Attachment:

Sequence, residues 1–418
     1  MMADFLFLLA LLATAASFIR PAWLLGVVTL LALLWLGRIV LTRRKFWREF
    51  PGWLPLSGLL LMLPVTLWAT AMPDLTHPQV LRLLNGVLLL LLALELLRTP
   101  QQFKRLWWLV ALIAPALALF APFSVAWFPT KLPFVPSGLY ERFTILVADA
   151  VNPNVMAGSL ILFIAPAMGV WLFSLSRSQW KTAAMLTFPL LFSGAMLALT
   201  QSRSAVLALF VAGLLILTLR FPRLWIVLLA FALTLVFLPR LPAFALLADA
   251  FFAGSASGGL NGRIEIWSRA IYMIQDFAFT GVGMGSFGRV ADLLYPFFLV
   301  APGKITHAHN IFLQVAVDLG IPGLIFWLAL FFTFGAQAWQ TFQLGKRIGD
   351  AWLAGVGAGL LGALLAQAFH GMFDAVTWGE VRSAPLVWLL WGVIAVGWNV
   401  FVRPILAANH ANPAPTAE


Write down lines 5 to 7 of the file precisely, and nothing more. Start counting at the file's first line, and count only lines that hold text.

   151  VNPNVMAGSL ILFIAPAMGV WLFSLSRSQW KTAAMLTFPL LFSGAMLALT
   201  QSRSAVLALF VAGLLILTLR FPRLWIVLLA FALTLVFLPR LPAFALLADA
   251  FFAGSASGGL NGRIEIWSRA IYMIQDFAFT GVGMGSFGRV ADLLYPFFLV